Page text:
First Book, Banned
I’ve always loved Maya Angelou’s poetry. Each word she places in each line is dedicated and purposeful. She can make you laugh and cry and reminisce within the span of a few seconds reading across a single verse. She’s damn good. And one of my favorite poets/authors of all time.
In 2016, I put together a list of 10 banned books that I wanted to read in that year; Maya Angelou’s I Know Why the Cage Bird Sings was the first book I read. It was relatable, riveting and heartbreaking. I read it it one sitting.
But wait…there’s more!
Now, imagine my luck finding out after reading this book that it was only one of six in a collected autobiography. I wanted to read all of them right then and there, but alas, I had limited funds and nine other books to get through on my list.
(Plus, I’d recently bought a serious number of books, and I felt guilty buying any new ones. Book lovers/hoarders know what I mean!)
So, I bided my time, and in my second academic year teaching in Oman (2017-2018), my classroom parents bought me the entire collection as a birthday gift. I don’t think they quite understood just how much that gift meant to me. I literally danced around with it pressed tightly to my chest around my house.
That following summer I toted around Maya’s 1,184 page, 2.5 pound, 8.3 inch thick book while exploring through towns, meandering through parks and walking up and down mountains (not an exaggeration). I even on occasion got my husband to carry it around for me, and blissfully ignored his begrudging sighs whenever he packed it in his day bag. All that just so I could take it out at a moment’s notice, open it up and read during any and all downtime.
It is that good.
If you’re a well-seasoned or aspiring writer, you must read this book. Maya Angelou has a unique way of maintaining her poetic style in her narration that totally and fully engrosses you in her story. Writers of any style and from any genre would do themselves a service reading her autobiography and taking notes.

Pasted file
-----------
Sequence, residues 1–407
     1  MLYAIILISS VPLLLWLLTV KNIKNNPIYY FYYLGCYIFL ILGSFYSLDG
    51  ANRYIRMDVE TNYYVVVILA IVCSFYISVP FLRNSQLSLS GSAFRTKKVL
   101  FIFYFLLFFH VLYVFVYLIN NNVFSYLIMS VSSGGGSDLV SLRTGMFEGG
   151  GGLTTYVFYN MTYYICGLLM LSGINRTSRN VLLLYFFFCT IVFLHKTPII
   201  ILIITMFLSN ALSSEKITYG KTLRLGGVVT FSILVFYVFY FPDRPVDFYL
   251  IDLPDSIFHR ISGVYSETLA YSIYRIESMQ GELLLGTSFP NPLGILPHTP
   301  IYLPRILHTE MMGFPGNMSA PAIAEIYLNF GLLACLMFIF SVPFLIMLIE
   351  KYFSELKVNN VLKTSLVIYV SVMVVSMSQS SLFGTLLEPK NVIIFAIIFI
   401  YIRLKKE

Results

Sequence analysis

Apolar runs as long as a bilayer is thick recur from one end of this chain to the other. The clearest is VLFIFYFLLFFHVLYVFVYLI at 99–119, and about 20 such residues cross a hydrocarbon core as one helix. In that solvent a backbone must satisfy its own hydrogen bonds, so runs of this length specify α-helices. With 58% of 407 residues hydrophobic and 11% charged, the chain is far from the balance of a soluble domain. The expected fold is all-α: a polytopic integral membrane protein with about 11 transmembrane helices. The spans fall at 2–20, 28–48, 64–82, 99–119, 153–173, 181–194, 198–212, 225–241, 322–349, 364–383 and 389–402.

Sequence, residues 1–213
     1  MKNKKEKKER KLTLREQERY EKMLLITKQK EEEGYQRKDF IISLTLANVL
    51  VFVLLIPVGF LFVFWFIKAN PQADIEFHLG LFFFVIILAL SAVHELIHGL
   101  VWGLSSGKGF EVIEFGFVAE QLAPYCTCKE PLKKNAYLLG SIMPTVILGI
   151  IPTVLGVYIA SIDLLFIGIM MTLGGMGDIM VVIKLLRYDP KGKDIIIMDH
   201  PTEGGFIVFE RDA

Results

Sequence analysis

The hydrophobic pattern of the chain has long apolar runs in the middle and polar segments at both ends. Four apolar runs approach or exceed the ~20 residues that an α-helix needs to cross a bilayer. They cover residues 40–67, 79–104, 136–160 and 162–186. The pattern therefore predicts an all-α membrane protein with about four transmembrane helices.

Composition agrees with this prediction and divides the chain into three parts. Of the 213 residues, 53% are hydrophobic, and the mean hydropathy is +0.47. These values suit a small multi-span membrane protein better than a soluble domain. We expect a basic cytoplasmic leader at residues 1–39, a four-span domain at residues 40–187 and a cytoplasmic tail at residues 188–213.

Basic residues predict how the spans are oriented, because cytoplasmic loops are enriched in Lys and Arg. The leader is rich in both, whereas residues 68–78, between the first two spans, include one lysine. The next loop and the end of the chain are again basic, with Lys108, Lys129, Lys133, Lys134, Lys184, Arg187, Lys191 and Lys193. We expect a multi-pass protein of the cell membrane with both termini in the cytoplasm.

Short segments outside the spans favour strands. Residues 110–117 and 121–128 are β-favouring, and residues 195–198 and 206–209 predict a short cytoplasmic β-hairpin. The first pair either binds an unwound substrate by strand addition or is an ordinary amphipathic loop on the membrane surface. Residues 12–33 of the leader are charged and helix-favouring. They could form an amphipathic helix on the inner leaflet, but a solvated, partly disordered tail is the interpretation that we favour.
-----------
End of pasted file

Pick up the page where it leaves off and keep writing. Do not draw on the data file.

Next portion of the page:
And not only that, writers would benefit from reading her book because she teaches us through her life story one of the most important thing any writer needs to know: you must live and experience life in order to write about it.
Though many of her formative years were filled with abuse, neglect and uncertainty, she also lived life as much as possible and often by the seat of her pants. She was a dancer, a singer, a diner cook; she was even a prostitute at one point. She moved to Africa with a man she loved but was uncertain about throughout their entire relationship. She made choices and failed and triumphed and always moved forward.
Reading her autobiography will inspire you to live. Perhaps not in the precarious ways in which she chose at times, but it’ll definitely make you rethink whether or not you need to binge watch Netflix for the third day in a row.
Because living life fully means you’ll gain experience. And with experience comes perspective. And like Maya demonstrates in all of her writing, perspective makes for captivating writing.